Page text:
A Kolkata Slum
Our hotel was quite near the centre of the city, but you wouldn’t know it. The entire road had been dug up and demolished and then just left, like someone had just bombed the street, and the taxi pulled up and bade us to walk the rest of the way. We did and eventually made it to our hotel.
Now, I am not the sort of person who gets all high and mighty about the condition of hotels. I don’t get a sick fascination regarding describing the loath found in these places, or bemoaning the service levels. I don’t read the Daily Mail. On the other hand, while the gentile folk of this hotel tried hard to provide service that left a smile on our face, this hotel was a real shit hole of epic proportions. I woke in the morning wondering how we may leave this place as soon as possible. We had one mission to perform first, we must pick up my camcorder sent to be repaired in England from Vietnam and being delivered down town.
We ventured out for something to eat for breakfast. Picking our way across the bombed out street we passed many street vendors selling hot food to awaiting crowds. Normally I am a strong proponent of street food, but these lads we infested with flies so we walked on. After the “food” stalls we came across three people sitting on the side of the pathway sharing a heroin needle. I remember being very alert as we passed by them not two feet away. I couldn’t help but think about the crap in that needle and the AIDS that probably came along for the ride, and how its owner could easily try and stab it into me. My warning radar buzzed and blood rushed into my hands. Of course, these gentlemen had no intention of wasting their morning injection on us and we walked on by. Next we came to the post office, and Cesca had a large bag of items she wanted to post home. Outside a smart looking man approached us and offered us his packaging service, which we politely refused.
He gave me a look which said, “see you in 5 minutes” and started on the next guy. The post office was similar to all Indian post offices in that it was complete mayhem with no signs to assist. We did what we always did and hung about for a few minutes to work the place out. We queued and when arriving at the front were told about the regulations regarding international post. Basically, there is an official method of wrapping that all parcels must be presented in. Not only that, but the post office would not do it for you.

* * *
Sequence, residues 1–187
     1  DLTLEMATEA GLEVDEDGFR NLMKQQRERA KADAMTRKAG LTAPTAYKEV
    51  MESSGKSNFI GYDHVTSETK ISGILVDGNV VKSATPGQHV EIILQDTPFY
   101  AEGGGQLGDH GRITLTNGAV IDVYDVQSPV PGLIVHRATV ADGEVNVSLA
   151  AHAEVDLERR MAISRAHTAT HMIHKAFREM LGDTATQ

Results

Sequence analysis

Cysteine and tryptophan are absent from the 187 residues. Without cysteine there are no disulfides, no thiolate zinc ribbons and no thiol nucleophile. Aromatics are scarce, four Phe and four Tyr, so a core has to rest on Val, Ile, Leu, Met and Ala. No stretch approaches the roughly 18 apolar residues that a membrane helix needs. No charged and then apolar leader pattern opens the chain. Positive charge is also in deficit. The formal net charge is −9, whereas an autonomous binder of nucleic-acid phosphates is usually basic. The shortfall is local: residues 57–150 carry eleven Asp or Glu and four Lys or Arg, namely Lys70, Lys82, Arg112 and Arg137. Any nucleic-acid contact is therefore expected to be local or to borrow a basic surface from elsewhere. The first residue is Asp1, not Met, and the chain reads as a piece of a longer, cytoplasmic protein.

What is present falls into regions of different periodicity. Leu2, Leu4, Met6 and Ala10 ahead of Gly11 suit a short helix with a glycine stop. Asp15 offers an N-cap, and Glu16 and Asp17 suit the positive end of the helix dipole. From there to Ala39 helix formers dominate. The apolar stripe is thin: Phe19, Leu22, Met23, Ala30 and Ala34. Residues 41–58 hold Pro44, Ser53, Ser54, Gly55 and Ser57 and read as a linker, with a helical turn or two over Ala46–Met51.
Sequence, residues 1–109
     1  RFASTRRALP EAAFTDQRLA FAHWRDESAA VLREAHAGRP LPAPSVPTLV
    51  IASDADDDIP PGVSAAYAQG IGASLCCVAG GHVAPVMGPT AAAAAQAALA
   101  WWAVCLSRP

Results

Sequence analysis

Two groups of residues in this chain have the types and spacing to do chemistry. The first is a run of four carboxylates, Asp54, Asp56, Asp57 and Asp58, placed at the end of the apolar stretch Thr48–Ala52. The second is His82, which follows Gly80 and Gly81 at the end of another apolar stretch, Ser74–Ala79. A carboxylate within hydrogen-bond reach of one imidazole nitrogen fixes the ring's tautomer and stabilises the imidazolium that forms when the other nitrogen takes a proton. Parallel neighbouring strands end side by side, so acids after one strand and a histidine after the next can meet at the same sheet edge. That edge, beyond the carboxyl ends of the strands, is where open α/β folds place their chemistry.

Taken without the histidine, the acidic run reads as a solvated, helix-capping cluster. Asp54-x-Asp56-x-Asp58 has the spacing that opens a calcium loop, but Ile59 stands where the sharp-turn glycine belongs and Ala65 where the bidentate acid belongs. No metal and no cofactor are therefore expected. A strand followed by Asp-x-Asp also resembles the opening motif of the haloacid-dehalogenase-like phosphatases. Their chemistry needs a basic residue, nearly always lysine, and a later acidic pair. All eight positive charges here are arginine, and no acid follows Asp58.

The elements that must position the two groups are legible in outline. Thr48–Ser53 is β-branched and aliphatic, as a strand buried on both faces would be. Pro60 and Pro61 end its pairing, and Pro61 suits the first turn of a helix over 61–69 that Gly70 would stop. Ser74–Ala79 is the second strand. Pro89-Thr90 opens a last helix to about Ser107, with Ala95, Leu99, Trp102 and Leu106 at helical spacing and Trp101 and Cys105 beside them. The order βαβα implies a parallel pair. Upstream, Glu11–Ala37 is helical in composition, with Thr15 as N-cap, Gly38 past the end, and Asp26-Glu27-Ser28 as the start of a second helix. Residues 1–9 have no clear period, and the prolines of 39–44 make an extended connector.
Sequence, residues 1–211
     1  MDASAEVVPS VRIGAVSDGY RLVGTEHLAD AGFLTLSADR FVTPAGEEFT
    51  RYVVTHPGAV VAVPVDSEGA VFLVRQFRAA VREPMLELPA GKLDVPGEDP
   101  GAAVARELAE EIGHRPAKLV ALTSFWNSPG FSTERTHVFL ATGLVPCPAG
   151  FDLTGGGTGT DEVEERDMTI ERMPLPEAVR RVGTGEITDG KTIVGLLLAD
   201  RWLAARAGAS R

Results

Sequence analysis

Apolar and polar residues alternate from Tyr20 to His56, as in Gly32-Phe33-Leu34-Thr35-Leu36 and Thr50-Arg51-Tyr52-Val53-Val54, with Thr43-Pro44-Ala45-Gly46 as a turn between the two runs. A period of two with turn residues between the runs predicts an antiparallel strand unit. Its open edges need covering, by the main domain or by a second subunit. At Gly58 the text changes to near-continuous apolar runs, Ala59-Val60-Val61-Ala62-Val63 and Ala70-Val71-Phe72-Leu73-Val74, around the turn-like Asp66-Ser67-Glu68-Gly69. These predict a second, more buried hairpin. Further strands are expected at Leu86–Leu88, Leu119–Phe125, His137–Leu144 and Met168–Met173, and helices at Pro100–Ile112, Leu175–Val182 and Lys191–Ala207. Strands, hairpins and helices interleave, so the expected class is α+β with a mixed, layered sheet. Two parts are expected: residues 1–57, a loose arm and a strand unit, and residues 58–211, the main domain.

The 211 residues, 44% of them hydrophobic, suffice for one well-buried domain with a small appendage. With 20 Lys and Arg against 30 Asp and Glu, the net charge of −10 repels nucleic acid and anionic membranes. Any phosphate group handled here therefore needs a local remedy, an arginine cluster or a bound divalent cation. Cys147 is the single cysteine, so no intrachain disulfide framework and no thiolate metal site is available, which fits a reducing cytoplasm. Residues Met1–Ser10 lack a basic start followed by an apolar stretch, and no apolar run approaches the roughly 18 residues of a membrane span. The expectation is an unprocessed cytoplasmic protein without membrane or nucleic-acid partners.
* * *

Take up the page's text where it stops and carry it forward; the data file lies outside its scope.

“What should I do?” asked Cesca
“Go outside, man out there.”
So wandering back outside we returned to the packaging man in the street and bartered for our parcel to be wrapped. First, the man’s assistant assembled us a box from spare bits of discarded cardboard. Then he expertly reinforced the corners. We put our items in and then the man wrapped the entire thing in muslin and started to glue the corners with wax.
It was then that I received a tap on my shoulder.
It was a female beggar about mid forties, dressed in colourful clothing and with many rings. She looked like a Gipsy more than a poor person. She trust out her left hand under my nose and tapped her right hand index finger in the palm.
“No thanks,” I said and turned back.
She grabbed my arm and loudly demanded something that sounded complex in her language, I presumed money. Now I am no stranger to begging, but this was definitely the most aggressive begging I had ever encountered. I looked her in the eyes and they flashed anger and aggression. I turned to our box cutter and said to him,
“What does she want?”
He shrugged, “money?” he offered. He spoke to her a few words and she rattled something aggressive off. “Money,” he confirmed to me and then he himself reached into his pocket and paid some coins to the women with a sigh.
I looked at her and shook my head. She snapped her finger in frustration and seemed to curse me. Then she moved around to Cesca who waved her away irritated. She persisted and tried to grab Cesca who took offense to how close she was coming.
“Can you tell her,” Cesca said to the box cutter, “that in our country it is considered very rude to get into someone’s personal space and demand money.”
The man complied and the women’s eyes went even wider, she lashed out her hand at Cesca’s face and spread her fingers centimetres from her eyes, saying in the universal language of the body, “what are you going to do about it? I can do what I like!” It was extremely threatening. Too much.
Something inside me snapped to attention and I reacted. With a loud shout I stepped in front of Cesca and shoved the women hard. She was flung backwards and lost her balance, tripping and falling over herself onto her behind. My eyes didn’t leave her face as she stood back up. I could see her weighing up her options. She wanted to fly at me in a rage, but something in my body language was stopping her. This is the martial arts technique called, “The Invisible Fence”. She shouted at me instead, but stopped when I thrust out my hand and flicked it away and said in my firmest voice,
She did, screaming insults as she walked away, our eyes remained locked until the crowd enveloped her. The box man then just shrugged and finished our box off. We gratefully paid him, posted the box and went on for food. Amazingly at the very end of then street lay an intersection with another street that was a total contrast. It had neaty shops and even western-style coffee shops. We entered one and sat down.
“You know,” began Cesca, “You didn’t have to get that aggressive with that women.”
“Yes I did.”
“You didn’t have to shove her like that.”
“Yes. I. Did. Let me explain,” I began.
Why is a martial artist capable of defending himself? Is it just technique? No it is something else. Something in the will.